To set up an InDesign keyboard shortcut for a character or paragraph style (or an object, table, or table cell style), first open the appropriate panel. Double-click to open the style you want to apply the shortcut to. Then go to the General tab and insert your cursor in the Shortcut field. Assign a shortcut by using any combination of the following keys:
- on a Mac, press Cmd and/or Shift and/or Opt
- on a PC, press Ctrl and/or Shift
- plus a single number on the numeric keypad (on both Mac and PC)—with the NumLock key set to On on a PC
See the example below. According to my calculations, using these combinations could give you a maximum of 70 shortcuts on a Mac and 30 on a PC.
When you assign a keyboard shortcut, read the fine print below the field before you click OK. It should say “unassigned,” meaning that this combination of keys is not already being used for any other style or function.
You’ll see that your new custom shortcuts appear in the styles panel. If you’re going to design other books, I suggest using the same shortcuts in all of them—this makes them easier to remember.Use InDesign keyboard shortcuts to quickly apply styles. Save time and save your wrist! #InDesign #bookdesign Click To Tweet
Keeping track of InDesign keyboard shortcuts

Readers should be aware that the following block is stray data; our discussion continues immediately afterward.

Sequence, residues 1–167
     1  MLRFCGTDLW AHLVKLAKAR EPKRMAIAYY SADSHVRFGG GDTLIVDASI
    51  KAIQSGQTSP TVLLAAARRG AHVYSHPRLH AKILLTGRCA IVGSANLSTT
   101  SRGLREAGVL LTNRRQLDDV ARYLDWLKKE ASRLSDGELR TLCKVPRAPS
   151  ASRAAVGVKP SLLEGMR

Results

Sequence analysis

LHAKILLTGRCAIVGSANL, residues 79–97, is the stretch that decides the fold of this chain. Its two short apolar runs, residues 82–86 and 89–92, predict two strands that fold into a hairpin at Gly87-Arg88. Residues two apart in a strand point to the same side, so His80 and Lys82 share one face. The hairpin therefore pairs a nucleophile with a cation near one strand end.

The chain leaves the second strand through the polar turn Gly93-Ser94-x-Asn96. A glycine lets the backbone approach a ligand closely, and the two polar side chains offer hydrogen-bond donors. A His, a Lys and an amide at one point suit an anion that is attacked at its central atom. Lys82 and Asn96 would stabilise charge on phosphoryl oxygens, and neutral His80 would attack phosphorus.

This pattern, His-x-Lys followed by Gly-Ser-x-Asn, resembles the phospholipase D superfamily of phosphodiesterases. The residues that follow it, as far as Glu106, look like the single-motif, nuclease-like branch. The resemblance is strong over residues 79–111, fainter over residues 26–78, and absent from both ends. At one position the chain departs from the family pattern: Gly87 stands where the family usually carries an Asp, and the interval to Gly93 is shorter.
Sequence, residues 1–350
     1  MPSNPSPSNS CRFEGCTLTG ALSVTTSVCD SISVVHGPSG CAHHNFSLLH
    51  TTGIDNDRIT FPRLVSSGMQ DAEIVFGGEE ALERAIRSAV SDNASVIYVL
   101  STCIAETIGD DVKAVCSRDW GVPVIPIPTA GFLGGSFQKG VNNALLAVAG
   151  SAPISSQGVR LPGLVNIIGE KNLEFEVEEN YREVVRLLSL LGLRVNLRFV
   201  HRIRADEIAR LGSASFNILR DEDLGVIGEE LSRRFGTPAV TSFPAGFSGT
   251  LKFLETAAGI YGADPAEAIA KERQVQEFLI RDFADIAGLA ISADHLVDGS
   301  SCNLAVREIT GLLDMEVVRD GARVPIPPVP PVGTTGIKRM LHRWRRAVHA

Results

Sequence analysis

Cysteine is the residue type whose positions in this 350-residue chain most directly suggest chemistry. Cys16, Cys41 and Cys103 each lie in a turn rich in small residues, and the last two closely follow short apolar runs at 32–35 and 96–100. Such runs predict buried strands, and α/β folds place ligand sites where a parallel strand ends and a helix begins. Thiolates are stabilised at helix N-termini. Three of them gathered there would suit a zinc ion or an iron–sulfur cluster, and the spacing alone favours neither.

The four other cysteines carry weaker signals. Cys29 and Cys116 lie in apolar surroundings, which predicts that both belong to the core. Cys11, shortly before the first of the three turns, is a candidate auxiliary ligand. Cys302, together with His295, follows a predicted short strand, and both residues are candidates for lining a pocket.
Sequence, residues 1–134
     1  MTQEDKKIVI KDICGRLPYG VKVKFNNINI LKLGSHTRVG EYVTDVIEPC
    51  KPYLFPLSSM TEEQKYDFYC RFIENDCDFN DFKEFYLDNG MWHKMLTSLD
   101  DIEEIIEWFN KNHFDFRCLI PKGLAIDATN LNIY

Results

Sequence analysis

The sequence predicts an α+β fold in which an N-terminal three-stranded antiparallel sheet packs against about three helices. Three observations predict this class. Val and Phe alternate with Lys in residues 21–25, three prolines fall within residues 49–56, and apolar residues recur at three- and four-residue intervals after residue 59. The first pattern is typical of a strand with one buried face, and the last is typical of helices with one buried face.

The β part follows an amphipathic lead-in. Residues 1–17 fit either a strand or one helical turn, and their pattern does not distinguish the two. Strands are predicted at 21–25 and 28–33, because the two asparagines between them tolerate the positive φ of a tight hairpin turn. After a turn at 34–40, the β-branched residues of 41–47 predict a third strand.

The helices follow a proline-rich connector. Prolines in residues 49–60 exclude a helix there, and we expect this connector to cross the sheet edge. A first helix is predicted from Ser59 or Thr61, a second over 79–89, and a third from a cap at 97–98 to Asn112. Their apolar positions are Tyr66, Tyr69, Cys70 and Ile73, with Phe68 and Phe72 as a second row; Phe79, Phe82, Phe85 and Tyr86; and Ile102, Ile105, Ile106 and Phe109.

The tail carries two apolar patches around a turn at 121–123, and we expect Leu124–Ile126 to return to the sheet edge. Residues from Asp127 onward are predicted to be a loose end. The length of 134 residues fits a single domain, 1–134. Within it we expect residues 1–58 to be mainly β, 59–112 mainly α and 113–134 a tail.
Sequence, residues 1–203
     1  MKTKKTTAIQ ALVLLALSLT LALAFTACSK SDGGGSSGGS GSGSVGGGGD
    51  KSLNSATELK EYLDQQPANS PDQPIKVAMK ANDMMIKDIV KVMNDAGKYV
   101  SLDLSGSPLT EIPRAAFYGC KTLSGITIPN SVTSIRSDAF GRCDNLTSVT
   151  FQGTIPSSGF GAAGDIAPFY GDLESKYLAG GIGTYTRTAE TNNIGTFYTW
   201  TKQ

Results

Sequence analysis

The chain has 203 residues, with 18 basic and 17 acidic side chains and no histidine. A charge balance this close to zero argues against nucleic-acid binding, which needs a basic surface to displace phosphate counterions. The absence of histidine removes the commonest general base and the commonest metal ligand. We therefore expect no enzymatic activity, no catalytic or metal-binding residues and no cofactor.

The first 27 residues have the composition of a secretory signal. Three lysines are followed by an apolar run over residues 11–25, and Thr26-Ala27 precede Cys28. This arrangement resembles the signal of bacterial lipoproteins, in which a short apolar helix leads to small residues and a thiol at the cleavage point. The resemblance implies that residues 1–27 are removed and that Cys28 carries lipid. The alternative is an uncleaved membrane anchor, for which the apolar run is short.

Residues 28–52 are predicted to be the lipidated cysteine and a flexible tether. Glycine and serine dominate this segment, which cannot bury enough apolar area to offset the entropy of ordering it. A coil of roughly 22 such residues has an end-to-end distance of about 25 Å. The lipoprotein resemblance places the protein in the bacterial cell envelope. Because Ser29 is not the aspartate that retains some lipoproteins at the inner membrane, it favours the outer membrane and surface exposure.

If you set up too many shortcuts, you probably won’t remember them all! So don’t overdo it. Assign shortcuts only for the styles you use the most, and use your mouse or trackpad for everything else.
Custom InDesign keyboard shortcuts for styles
To keep track of the shortcuts you’ve invented, just write them down. Or take screen shots of the appropriate style panels. Or memorize them.
Preset InDesign keyboard shortcuts for everything else
If you want a list of InDesign’s preset keyboard shortcuts, it’s pretty simple to do. Here are the steps:
- In InDesign, go to Edit>Keyboard Shortcuts and select Show Set.
In the Product Area dropdown menu, you can select a category of shortcuts. For instance, if you only care about the shortcuts for switching between tools, select Tools from this list. To see a list of your own custom shortcuts, select your named set from the Set dropdown menu. (The ones you set up for applying styles are not available, however.)
- A text file will appear on your screen, in your computer’s default text editing application. You can see from the example below that most of the shortcuts are undefined, meaning that Adobe has not given the function a keyboard shortcut. There are over 1700 functions that could use shortcuts!